After weeks of waiting, yesterday was the day. The longest summer break in history came to an end as the checkered flag flew at the close of the 98th running of the prestigious Texas Motor Speedway. The excitement in the air was palpable. Fans and drivers alike were desperate to find out who would come out on top in what is widely considered the most important horse race in the world. Finally, the wait was over. At long last, we knew who would be taking the checkered flag in what is surely one of the greatest sporting events of all time. The winner of the 98th annual running of the Kentucky Derby was none other than none other than 2015 Triple Crown winner, American Pharaoh!
Pharaoh proved to be the best of the best. The horse ran the entire race ahead of the rest of the pack. It was a dominant performance that left fans and pundits alike speechless. Just one day earlier, American Pharaoh was fourth-hole chaser at the Preakness Stakes. The horse then went on to win the Belmont Stakes by a record-breaking 12 lengths. The entire U.S. horse racing world was captivated by the unprecedented triumphs of American Pharaoh. The horse’s extraordinary accomplishments during the 2015 season earned it the deserved reputation as the greatest horse in the history of the sport. The win in the Cup yesterday is yet another feather in American Pharaoh’s cap, as he continues to prove himself to be the best of the best. The colt has now won both the Kentucky Derby and the Preakness Stakes. This makes him just the fourth horse to ever achieve the ‘triple crown’ in the modern era of horse racing!
As expected, the rest of the field was a close second. Expected winner, Magnum Moon fell just short, unable to pull off the upset victory that everyone was expecting. Third-place finisher, Exaggerator proved to be the equal of American Pharaoh, battling it out all the way for second place. The only other horse who was anywhere near Pharaoh at the finish was Country House, scoring a respectable fourth-place effort. In fact, of the 12 horses who started and finished the race, only one finished outside of the top three. That horse was Country House, who managed to limp across the line in fifth place.
The History Makes This Event Extra Special
The 98th running of the Kentucky Derby is undoubtedly one of the most important horse races of all time. The winner will go on to compete in the Preakness Stakes. This is widely considered the most important three-day horse race in the world. The Preakness Stakes is part of the Triple Crown, which also includes the Belmont Stakes and the Grand Prix. The winner of the Preakness Stakes will go on to compete in the Belmont Stakes, which is arguably even more important than the Kentucky Derby. The last five winners of the Triple Crown have gone on to win the Belmont Stakes, with the exception of Bold Ruler, who lost to Phaedra in the Preakness. The winner of the Belmont Stakes will eventually go on to compete in the prestigious Grey Cup. The trophy itself is named in honor of the legendary Grey Cup, which is played between the champions of the Canadian Football League and the American Football League. Winning the Grey Cup is the ultimate achievement in horse racing. It’s also the best way to cap off an amazing career.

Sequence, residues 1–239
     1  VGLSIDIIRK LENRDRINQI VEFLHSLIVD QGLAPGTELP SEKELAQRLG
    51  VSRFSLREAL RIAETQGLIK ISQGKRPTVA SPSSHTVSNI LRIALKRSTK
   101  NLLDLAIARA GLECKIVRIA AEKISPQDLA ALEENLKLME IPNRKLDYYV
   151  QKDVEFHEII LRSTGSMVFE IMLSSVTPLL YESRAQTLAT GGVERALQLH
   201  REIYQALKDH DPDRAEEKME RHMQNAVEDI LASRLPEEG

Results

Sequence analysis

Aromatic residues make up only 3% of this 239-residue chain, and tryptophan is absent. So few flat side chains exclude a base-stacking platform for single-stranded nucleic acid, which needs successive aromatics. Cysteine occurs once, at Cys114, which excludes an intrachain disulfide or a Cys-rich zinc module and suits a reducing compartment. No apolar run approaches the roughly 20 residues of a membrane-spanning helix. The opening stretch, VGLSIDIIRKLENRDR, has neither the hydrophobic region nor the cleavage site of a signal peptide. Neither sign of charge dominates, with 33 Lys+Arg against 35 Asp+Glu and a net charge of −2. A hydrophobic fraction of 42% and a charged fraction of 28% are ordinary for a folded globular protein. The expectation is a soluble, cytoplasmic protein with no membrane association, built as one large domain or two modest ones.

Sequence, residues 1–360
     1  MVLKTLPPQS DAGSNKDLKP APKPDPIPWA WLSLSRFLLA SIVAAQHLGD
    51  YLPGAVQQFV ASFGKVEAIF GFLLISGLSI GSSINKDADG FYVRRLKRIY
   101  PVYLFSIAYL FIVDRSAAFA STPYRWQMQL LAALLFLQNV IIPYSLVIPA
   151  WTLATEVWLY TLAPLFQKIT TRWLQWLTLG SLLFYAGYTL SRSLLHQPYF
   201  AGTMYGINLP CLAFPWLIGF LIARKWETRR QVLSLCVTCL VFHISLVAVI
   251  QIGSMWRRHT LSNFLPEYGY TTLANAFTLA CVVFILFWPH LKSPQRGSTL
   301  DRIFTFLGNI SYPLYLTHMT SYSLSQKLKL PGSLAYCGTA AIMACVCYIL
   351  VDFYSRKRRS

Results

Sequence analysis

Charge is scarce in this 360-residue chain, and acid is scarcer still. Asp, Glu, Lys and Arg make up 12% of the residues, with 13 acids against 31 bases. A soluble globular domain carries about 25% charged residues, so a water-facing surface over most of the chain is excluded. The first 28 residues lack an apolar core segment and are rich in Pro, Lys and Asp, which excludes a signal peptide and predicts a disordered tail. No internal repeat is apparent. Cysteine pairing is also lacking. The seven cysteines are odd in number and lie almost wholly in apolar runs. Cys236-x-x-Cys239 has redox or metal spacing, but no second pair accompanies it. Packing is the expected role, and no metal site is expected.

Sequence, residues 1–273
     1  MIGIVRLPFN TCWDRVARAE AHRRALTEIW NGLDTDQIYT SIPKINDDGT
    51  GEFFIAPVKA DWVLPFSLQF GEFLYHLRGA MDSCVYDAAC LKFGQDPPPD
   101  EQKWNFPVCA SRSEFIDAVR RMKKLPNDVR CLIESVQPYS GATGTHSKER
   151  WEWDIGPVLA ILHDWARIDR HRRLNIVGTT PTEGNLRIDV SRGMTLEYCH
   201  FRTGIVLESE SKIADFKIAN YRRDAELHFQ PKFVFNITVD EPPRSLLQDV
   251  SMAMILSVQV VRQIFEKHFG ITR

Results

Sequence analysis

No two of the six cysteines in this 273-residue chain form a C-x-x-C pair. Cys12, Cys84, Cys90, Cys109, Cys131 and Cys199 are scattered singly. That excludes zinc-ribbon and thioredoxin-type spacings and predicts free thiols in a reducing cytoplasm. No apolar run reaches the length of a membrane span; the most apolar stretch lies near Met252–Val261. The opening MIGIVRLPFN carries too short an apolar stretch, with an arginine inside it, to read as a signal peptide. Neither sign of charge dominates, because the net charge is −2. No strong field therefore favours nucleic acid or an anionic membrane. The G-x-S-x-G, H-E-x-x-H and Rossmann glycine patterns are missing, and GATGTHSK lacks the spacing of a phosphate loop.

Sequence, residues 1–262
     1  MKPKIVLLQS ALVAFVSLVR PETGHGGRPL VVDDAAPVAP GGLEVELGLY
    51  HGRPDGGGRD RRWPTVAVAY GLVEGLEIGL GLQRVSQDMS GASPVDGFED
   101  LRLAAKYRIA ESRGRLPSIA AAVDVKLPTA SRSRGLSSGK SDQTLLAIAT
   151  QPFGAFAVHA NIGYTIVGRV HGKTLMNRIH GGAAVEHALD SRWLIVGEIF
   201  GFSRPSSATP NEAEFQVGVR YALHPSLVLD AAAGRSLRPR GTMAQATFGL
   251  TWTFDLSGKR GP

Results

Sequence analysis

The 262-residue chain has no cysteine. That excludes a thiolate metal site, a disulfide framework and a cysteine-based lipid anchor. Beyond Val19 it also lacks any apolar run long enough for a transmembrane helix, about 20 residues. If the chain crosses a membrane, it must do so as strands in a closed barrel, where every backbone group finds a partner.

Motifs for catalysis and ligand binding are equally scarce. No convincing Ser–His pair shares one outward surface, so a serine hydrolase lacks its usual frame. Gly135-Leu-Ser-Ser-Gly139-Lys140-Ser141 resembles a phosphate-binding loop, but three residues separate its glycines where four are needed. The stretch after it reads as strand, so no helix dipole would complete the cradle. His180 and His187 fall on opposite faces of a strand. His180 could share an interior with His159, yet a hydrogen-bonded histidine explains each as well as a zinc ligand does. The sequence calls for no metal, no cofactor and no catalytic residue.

This year’s 98th running of the Kentucky Derby is particularly special. Not only does it mark the 50th year of the annual derby, but it also happens to be the last running of the ‘white event’ before the transition to ‘color’ in 2021. It is also the last running of the ‘Kentucky Derby’ as we know it; the name will be changed to the ‘Garcia Handicap’ to commemorate the great Hall of Fame jockey, who passed away last year.
Despite all these important historical connotations, the Kentucky Derby is actually a rather boring race. The only excitement comes from the closeness of the competition and the anticipation of seeing who will come out on top. There are no spectacular upsets like in the other major horse races during the summer break. Truth be told, the only real drama comes from the horses who are still trying to figure out their precise racing routes, especially at the beginning of the race, when things can get a little chaotic. What this means is that even the most diehard of fans might have trouble paying close attention to the actual race itself.